Post # 8
Member
9551 posts
Buzzing Beekeeper
  • Wedding: August 2013

I’m so so so so so sorry you are in this position. I’m sending mental good vibes your way.

I think that given everything your’ve said it would be a mistake to invite your mother. And you and your fiance agree on this. And that’s really all that’s important. So do not invite her. And try really, really hard not to feel guilty about it. If other family members give you a hard time I would very calmly explain that while you do not have any hard feelings for your mother, due to the issues in the past you know you would not be able to enjoy your wedding day with her there so you are not inviting her.

You certainly don’t need to apologize to anybody but, if they’re still giving you a hard time, it might be easier on you if you phrase it along the lines of “I’m sorry I’m not stronger to be able to forgive and forget all the things in the past, but I know myself and that isn’t possible which makes it impossible for me to enjoy my wedding if my mother is there. And I refuse to have a wedding that I can’t enjoy. I hope you’re able to support me and my decisions on my wedding day, but if you can’t I’ll understand.”

Post # 9
Member
735 posts
Busy bee
  • Wedding: August 2012

Weddings are a time to celebrate love and happiness.  I almost always give advice to mend fences and try to be the bigger person and include family, because they are family and in the end love means a lot… But in your case…

You aren’t harboring ill will towards someone, you aren’t wishing someone pain, you just seem… tired.  And sad about the situation.  And that’s about the only time when I can agree, if you don’t want this woman to attend the celebration of the love you share with your future husband then you don’t need to invite her.

If you have presented the situation with honesty, if you feel that her presence will make it hard for you enjoy the start of your new marriage because you’ll be haunted by the pain of past relationships that weren’t as loving as they should have been… Then don’t invite your mother.

And if anyone hassles you about it look them in the eye, square your shoulders and ask them “Don’t you think it hurts enough to have a relationship so rocky that I don’t care to invite Mom?  Please don’t push the topic.  I can’t stand to discuss it without crying.” (Which I assume is true.  it would be if I were you.)

However, if you think that there is ANY chance that you will ever regret not having your mother in attendance think long and hard before you make the call.  Because as awful as she may have been while you were growing up, it sounds as though she had medical issues that contributed to the behavior.  If she’s making an effort to be better to you now, you may eventually wish that you’d included her – at some point in the very distant future.  — Only you know if that’s possible though.

Post # 10
Member
1638 posts
Bumble bee
  • Wedding: September 2011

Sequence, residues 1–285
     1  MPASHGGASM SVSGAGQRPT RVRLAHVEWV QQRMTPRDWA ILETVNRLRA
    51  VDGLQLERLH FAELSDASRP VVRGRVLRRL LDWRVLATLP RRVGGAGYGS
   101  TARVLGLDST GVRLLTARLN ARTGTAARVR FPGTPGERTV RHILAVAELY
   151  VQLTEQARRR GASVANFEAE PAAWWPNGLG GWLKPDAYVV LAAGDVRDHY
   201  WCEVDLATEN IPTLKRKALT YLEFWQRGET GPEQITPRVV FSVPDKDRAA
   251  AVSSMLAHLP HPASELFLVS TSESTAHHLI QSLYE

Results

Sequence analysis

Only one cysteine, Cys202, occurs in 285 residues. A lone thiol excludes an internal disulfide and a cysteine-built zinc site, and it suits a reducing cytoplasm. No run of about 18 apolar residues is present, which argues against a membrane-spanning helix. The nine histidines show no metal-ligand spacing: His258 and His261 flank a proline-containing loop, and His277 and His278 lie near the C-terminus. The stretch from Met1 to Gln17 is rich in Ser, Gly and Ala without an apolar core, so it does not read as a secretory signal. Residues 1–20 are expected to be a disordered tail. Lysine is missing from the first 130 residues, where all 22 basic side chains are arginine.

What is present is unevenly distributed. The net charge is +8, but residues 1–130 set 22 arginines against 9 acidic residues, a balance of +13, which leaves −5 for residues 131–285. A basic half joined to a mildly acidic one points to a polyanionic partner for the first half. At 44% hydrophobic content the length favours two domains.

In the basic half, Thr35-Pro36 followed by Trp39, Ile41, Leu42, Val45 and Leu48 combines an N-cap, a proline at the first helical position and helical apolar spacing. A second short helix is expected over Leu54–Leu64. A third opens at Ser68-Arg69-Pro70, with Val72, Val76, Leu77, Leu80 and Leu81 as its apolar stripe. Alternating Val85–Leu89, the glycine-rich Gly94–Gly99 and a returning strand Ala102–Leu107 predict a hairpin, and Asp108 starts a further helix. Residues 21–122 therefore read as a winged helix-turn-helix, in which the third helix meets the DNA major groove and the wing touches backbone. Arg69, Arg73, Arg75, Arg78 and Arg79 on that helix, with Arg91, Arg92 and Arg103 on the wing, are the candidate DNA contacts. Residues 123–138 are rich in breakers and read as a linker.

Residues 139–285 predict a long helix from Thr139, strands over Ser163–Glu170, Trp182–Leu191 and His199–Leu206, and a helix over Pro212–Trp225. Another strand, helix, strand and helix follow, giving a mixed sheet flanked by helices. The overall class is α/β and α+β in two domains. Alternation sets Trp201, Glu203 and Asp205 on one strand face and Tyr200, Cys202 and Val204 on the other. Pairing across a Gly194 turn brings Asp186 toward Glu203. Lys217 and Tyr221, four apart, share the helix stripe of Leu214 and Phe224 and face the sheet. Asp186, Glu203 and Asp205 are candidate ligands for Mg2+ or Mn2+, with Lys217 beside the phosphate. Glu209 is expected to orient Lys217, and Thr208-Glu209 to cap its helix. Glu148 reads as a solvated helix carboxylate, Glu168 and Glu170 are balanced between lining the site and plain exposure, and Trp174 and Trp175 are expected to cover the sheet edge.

@JanuaryGirl:  I would not invite her. Frankly, your other family needs to know why. I would not be afraid to detail all the things she did to you and tell your family about it.

Post # 11
Member
11234 posts
Sugar Beekeeper
  • Wedding: August 2013

I can relate. I was not abused, but my mother was not around. It was just the two of us and she worked full time, but never wanted to make time for me. I always felt like she never wanted me–in fact, I remember getting very upset one year at Christmas when I was a child (maybe 5-7?) and crying in my room because I fully believed that she didn’t love or want me. I raised (fed/clothed/bathed/did my own laundry) myself from the ages of 8-19, when I finally moved out. I saw my mother quite a bit after I moved, and then less and less as the years went on.

I honestly see her a couple of times a year at holidays, or if she needs something. I was unemployed for a year, and she still called me a few times to ask for money, and she was employed full time! Last year, I saw her three times: my grandparents’ 50th anniversary, the day I interviewed for my job she called me because she needed me to come pick her up to go get her car (and pay to get it out of impound!), and then at Christmas. Her car had died on the way to work that morning, and she’d left it on the side of the road (with no shoulder) for hours. I told her it would have been towed, and she ended up freaking the eff out when we drove by and it was gone. I calmly called the non-emergency number for the police department, got the number for the tow company, and called them for her. Then I had to pick her up at her place after work (where she got dropped off by a coworker) and take her to the other side of town to pay for and pick up her car. It took HOURS. And then, I had to follow them home (a friend towed it) and had to stand there and listen while she went over all of the stuff they were going to do for this piece of shit trailer they’d bought. Didn’t have the $80 to get her car out of impound, but had the money to put in laminate flooring and new cabinets. Hm. Christmas, she showed up late, and then went out to pack up her car and left without a word.